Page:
At a recent Open House at my son’s new school, one of the teachers made the comment that they are striving to teach our sons to be Creators, and not merely Consumers. They will emphasize creating in every aspect of the school year, from the classroom to the art and music studios to the playing field. This idea struck a cord in me, and I immediately began to think of all of the ways that God calls us to cooperate in His work of Creation, even as he has given us (out of His goodness) many good things to enjoy and care for. I began to think of all of the mothers I know who, against the grain of our modern world, have found it important to create beautiful things within their own homes. These women grow vegetables in their backyards, knit blankets and sew dresses, create delicious homemade meals, paint bedrooms, and make lesson plans for their children. I thought of my own husband, who likes to fix and build things even when it would be easier to hire someone else to do these tasks. I thought about the fulfillment that I get from things like playing the piano, writing in my journal or for this blog, and making pizza for my family – all of these are ways of creating, and they are good.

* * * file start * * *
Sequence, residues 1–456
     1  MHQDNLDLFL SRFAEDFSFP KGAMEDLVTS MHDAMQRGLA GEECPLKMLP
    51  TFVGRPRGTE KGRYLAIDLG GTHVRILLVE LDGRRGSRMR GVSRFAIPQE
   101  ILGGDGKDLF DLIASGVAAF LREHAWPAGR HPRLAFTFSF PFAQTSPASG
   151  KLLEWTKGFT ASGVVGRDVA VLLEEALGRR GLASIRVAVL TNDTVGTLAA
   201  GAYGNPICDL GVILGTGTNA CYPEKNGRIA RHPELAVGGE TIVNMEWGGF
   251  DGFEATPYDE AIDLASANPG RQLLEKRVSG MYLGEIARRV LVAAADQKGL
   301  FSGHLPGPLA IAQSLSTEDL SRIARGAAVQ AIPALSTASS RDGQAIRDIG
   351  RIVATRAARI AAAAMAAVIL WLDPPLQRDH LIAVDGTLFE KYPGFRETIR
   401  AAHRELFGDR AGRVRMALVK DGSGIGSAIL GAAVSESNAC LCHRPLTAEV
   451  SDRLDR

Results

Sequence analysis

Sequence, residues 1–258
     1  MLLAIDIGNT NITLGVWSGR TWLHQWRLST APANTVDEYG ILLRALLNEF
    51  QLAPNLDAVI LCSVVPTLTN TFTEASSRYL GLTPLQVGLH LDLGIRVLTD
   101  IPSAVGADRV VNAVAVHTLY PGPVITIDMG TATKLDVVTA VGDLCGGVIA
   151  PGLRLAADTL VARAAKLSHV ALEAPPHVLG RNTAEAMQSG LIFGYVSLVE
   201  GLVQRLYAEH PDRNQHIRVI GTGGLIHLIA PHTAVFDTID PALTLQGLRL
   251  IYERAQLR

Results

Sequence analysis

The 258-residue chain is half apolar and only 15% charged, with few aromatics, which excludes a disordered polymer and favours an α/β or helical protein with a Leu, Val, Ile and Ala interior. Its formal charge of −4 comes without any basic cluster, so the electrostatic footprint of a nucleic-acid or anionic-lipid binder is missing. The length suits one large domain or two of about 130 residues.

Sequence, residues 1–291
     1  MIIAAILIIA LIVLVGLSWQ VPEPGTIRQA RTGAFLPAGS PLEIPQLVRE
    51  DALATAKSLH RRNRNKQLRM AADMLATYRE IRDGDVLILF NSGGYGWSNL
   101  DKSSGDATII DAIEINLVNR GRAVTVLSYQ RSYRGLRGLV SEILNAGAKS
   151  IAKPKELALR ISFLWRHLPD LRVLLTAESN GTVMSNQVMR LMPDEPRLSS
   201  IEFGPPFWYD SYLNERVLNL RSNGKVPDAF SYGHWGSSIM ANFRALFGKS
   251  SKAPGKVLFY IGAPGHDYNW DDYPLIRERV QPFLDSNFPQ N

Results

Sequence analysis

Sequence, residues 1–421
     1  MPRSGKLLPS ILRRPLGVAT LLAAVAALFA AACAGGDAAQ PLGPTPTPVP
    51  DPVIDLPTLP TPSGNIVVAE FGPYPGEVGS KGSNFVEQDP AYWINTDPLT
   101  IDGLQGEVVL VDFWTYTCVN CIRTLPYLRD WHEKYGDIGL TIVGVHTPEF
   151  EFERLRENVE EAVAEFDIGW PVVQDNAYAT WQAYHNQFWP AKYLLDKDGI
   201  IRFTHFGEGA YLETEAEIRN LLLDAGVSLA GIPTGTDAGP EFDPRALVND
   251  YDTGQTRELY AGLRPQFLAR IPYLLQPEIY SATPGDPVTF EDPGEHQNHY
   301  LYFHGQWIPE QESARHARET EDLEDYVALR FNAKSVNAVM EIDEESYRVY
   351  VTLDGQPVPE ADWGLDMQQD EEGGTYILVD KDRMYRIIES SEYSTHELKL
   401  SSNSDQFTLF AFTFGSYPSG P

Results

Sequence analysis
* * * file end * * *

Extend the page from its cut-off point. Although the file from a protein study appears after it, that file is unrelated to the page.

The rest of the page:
The joy of creating, with Play-dough

When we take the time to create, we learn about ourselves and about God, who is the source of all that is good. We also become more mindful of the things that we consume, and more thankful for their presence in our lives and for those who have created them. We realize the work that goes into creating, especially the things that we ourselves could not create (roads, buildings, sewer pipes, great works of art, musical masterpieces, etc.), and the inherent dignity that is attached to this work. Ultimately, this awareness makes us more fully human, and compels us to strive for a society in which all work is honored.